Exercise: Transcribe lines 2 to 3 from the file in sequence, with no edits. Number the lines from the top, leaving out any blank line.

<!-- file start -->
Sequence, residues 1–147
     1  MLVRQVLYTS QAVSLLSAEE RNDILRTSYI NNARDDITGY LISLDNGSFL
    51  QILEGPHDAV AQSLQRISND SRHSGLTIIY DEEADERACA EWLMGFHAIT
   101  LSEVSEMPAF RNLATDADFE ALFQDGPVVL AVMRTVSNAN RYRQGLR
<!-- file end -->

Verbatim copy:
     1  MLVRQVLYTS QAVSLLSAEE RNDILRTSYI NNARDDITGY LISLDNGSFL
    51  QILEGPHDAV AQSLQRISND SRHSGLTIIY DEEADERACA EWLMGFHAIT